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SportsColumnistsDavid Lennon

Yankees’ staff in good shape — for now

Yankees' Luis Cessa pitches during the first inning

Yankees' Luis Cessa pitches during the first inning of a game against the Phillies on Wednesday. Credit: AP / Matt Slocum

PHILADELPHIA — When the Yankees sent out Luis Cessa for Wednesday night’s series finale at Citizens Bank Park, they were closing fast on a somewhat rare pitching accomplishment, previously done by the franchise in 1981.

That was a rotation led by Ron Guidry, Dave Righetti and Tommy John. The bullpen boasted the fearsome duo of Ron Davis and Goose Gossage.

The feat? During August of that season, the Yankees’ pitching staff had a 1.92 ERA over 21 games, which was the last time the team finished a calendar month with a sub-2.50 ERA.

Seems like a while ago, right? And raise your hand if you thought this 2018 staff would be the crew to once again get them below that benchmark (didn’t think so).

After Cessa’s rather brief cameo (3 innings, 3 runs, 74 pitches) in Wednesday night’s 3-0 loss to the Phillies, the Yankees staff had a 2.35 ERA for June, the lowest in the majors for the month, with the Giants’ 2.73 right behind them. While it’s a bit early to make any declarative statements about this Yankees’ staff, we can say they’re an excellent shape, with room for a rotation upgrade.

And for what it’s worth, those ’81 Yankees, as you remember, won the AL pennant before losing the World Series to the Dodgers to six games. These Yankees? Well, the bullpen we already knew would be elite, and in some ways — like the emergence of the suddenly unhittable Jonathan Holder — they’ve outperformed expectations.

As for the rotation, that’s been more of a fluid operation, and yet still a highly-functioning one. Cessa, who came off an extended DL stint last Thursday, was the eighth starter the Yankees have used through the first 78 games, and the least effective to date. He racked up 27 pitches in the first inning alone Wednesday night, and came within a strike of escaping a sluggish second until Rhys Hoskins hammered a 1-2 slider over the rightfield wall for a three-run homer that decided the game.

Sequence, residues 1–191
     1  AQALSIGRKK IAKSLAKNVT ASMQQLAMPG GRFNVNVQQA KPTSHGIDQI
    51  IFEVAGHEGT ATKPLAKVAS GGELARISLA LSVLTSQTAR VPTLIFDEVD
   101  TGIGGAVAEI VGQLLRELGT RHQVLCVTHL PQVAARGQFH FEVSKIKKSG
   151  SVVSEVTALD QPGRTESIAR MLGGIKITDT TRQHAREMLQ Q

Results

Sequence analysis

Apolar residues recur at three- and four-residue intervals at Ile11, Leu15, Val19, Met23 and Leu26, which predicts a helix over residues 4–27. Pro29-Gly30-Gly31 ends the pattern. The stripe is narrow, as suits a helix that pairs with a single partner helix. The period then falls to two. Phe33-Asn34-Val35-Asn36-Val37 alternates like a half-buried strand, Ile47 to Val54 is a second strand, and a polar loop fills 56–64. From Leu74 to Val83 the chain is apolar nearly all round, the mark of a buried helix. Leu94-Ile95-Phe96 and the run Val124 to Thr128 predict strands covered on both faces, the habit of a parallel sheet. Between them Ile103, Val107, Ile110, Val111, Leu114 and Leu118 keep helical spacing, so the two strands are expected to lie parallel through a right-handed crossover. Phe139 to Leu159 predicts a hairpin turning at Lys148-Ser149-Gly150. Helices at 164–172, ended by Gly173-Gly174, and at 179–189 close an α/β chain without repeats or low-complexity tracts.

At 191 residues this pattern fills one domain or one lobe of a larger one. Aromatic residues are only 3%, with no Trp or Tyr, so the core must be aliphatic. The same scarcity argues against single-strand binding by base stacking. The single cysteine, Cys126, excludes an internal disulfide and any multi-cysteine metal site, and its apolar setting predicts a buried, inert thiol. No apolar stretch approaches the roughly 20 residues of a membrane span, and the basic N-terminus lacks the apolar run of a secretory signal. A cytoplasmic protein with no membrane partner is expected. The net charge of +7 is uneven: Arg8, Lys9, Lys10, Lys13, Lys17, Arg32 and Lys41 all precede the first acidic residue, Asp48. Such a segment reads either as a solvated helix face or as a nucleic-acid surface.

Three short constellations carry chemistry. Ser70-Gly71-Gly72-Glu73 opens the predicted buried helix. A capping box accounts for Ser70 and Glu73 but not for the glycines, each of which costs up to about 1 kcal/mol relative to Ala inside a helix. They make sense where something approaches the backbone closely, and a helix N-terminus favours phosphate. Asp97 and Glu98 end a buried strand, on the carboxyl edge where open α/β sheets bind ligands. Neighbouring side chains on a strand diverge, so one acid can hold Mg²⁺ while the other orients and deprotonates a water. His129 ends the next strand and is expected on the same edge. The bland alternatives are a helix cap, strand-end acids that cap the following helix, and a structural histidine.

“I didn’t think it was going to go,” Cessa said. “Then I saw (Giancarlo) Stanton running back.”

Thanks to Cessa, the Yankees’ rotation ERA climbed to 3.79, but still good enough for fifth in the American League. Much of that credit goes to Luis Severino, whose Cy Young campaign looks strong with a 12-2 mark and 2.10 ERA, but replacements Jonathan Loaisiga and Domingo German deserve big assists in patching the significant holes left by the injuries to Masahiro Tanaka and Jordan Montgomery.

“Our bullpen always gets talked about, and for good reason,” Aaron Boone said before Wednesday night’s game. “But our starting rotation doesn’t really get the credit it deserves. When we really got rolling, it was because of the starting pitching.”

Aside from Severino, however, uncertainty abounds. CC Sabathia turns 38 next month, is on surgically repaired knees, and spends his time between starts wearing an igloo’s worth of ice. Sonny Gray is painfully inconsistent, Tanaka still doesn’t have an exact timetable on his return from twin hamstring blowouts and the super rookies — Loaisiga and German — have more to prove, despite showing early promise.

“They’ve stepped up admirably,” said Boone.

Brian Cashman will find an upgrade for the rotation before the July 31 non-waiver trade deadline, but it’s comforting for the Yankees to know they do have capable insurance. A shutdown bullpen goes a long way toward covering those rotation cracks as well. On Wednesday night, Boone got five scoreless innings from Holder, Giovanny Gallegos and German as the relief corps had their 17th scoreless outing in 23 games, dating to June 4, with a 0.86 ERA during that span. Holder hasn’t allowed an earned run in 23 relief appearances, the longest streak in the AL and tied for second overall. The Yankees’ bullpen also lead the majors with 363 strikeouts.

In the silver lining department, the Yankees were able to give a second day of rest to the bullpen’s most important arms with the Red Sox looming this weekend in the Bronx. Dellin Betances has allowed only one hit with 24 strikeouts over his past 14 appearances (14 innings) and Aroldis Chapman’s 11 saves in June has tied him for the Yankees’ third-most a calendar month, trailing only John Wetteland’s 15 in June 1996 and Sparky Lyle’s 12 in June 1973.

The Yankees have their Guidry in Severino, with the Betances-Chapman combo serving as the updated Davis-Gossage. Success in June doesn’t necessarily translate to October, but it’s a good place to be for now.

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